Is becoming a ship engineer right for me?
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How to become a Ship Engineer
Ship engineers need a technical degree in engineering before they can practice their profession. During college, they learn advanced physics, mathematics, chemistry, construction and repair subjects, engine design and other technical subjects that make them proficient and comfortable with making quick decisions regarding a ship's technical operation. They also learn special engineering that is applied specifically to ships and other naval vessels. Ship engineers also may require a master's degree in a specific field of naval engineering, which allows them to achieve in-depth knowledge about particular areas of a ships' operation.
Ship engineers are usually people who are very detail oriented and have excellent problem-solving and leadership abilities. There is no time nor space for uncertainty, presumptions and debates aboard a ship that has a malfunction, and this is when ship engineers step in to coordinate and supervise quick and effective repair and maintenance processes by guiding and motivating the technical crew.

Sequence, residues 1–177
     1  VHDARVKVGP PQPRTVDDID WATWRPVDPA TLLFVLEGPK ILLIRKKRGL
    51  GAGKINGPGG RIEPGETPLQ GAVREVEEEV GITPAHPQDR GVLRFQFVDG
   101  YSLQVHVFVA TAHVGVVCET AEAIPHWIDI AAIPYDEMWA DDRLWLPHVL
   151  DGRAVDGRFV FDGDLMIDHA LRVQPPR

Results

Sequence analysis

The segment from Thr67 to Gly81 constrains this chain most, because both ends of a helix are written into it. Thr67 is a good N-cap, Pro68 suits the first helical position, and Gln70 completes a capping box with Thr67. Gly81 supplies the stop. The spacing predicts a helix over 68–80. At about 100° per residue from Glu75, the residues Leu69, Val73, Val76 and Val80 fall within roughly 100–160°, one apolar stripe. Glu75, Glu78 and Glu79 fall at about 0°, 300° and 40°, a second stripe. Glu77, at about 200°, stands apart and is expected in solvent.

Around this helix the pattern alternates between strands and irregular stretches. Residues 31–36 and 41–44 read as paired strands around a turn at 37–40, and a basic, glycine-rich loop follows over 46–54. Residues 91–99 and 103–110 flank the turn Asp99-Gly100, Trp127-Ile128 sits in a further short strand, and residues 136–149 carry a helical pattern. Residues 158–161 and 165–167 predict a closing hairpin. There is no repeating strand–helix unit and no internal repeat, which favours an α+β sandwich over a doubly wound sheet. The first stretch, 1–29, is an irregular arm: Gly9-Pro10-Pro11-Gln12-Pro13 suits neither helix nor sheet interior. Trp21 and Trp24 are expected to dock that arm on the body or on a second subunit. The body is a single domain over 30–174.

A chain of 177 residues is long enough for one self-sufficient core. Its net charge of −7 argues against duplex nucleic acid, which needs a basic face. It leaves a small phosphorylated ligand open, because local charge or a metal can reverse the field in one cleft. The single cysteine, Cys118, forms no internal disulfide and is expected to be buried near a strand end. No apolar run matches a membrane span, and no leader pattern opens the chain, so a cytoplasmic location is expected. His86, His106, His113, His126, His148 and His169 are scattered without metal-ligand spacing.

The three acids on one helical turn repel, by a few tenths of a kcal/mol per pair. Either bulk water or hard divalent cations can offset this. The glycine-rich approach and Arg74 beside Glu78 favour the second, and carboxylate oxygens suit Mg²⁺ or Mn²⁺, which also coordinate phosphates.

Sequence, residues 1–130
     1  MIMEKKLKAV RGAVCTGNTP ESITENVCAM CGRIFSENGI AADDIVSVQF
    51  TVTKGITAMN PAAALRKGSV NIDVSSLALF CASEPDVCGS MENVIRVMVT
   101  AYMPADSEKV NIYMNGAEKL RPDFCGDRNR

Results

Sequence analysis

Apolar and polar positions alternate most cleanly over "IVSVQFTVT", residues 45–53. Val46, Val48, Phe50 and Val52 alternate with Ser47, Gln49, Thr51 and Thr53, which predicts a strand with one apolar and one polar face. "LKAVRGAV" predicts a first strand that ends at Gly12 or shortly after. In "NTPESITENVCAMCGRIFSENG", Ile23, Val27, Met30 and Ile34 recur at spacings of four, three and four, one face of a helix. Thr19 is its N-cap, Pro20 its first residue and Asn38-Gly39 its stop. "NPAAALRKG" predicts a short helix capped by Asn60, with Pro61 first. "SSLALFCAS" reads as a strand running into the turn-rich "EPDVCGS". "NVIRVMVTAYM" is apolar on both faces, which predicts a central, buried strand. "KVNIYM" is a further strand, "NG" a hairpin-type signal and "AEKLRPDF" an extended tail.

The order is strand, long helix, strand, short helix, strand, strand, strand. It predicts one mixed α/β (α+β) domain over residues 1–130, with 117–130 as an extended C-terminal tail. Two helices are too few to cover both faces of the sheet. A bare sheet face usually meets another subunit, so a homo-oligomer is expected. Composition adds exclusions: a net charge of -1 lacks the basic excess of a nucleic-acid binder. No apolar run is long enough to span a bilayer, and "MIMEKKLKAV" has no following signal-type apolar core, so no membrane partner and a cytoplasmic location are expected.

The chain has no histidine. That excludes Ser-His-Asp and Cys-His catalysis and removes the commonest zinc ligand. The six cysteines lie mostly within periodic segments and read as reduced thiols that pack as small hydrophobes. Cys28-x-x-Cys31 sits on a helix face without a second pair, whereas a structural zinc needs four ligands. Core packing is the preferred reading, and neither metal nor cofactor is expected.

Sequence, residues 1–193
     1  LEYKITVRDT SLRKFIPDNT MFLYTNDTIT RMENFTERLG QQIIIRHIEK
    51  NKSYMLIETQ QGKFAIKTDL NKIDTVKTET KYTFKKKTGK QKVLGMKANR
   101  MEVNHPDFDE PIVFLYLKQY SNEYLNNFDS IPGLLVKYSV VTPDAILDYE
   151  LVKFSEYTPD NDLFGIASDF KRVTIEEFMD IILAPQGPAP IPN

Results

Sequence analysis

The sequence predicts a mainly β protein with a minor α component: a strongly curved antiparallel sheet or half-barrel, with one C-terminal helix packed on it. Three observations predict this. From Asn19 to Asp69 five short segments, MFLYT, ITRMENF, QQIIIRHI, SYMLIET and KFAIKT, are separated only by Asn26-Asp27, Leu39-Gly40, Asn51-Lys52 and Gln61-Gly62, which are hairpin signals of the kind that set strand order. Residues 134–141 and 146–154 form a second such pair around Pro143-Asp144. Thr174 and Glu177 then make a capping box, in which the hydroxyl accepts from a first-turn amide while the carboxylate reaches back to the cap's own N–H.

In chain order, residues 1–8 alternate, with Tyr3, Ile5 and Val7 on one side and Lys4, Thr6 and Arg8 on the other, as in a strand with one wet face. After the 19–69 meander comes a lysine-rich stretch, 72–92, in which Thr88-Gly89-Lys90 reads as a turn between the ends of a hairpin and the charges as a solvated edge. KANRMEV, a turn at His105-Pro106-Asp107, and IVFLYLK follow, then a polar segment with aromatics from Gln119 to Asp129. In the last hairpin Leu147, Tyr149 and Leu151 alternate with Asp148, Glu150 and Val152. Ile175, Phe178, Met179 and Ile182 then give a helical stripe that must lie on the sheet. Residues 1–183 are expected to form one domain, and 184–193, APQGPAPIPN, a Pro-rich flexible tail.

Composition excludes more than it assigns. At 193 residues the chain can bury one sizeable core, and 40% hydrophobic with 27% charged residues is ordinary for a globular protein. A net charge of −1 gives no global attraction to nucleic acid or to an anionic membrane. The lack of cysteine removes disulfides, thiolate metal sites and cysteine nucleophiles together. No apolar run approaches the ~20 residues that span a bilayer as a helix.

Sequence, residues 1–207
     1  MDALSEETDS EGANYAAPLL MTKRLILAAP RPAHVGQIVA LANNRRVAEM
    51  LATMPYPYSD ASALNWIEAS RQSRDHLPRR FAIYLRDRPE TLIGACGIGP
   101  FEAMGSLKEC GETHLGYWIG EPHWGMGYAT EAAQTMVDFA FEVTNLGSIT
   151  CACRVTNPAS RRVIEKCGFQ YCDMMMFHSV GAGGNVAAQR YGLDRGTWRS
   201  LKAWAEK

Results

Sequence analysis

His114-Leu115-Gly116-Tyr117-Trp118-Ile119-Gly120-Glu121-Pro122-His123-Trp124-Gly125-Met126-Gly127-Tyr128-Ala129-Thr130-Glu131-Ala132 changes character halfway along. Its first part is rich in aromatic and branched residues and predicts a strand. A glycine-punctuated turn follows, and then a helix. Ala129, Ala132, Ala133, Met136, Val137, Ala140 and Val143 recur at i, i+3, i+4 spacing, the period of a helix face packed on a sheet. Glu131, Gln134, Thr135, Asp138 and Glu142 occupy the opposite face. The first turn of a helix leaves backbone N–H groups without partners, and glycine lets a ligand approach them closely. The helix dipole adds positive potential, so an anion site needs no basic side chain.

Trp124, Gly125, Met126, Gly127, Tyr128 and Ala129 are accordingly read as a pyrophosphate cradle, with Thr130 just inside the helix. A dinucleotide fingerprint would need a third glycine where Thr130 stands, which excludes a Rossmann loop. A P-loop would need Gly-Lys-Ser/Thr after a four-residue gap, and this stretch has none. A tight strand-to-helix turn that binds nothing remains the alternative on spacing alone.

Ship engineers must also have a broad view of the big picture about a ship's current technical condition unlike crew members who are usually in charge of a specific part or department on a ship. People who aspire to become ship engineers need to have physical endurance, be emotionally stable and have excellent communication skills. They also need to be able to overcome frustration caused by failure and be resilient in their job. Future ship engineers need to learn how to mediate conflicts between technical crew members and act quickly in cases when resources are scarce and large-scale repairs are temporarily impossible to execute.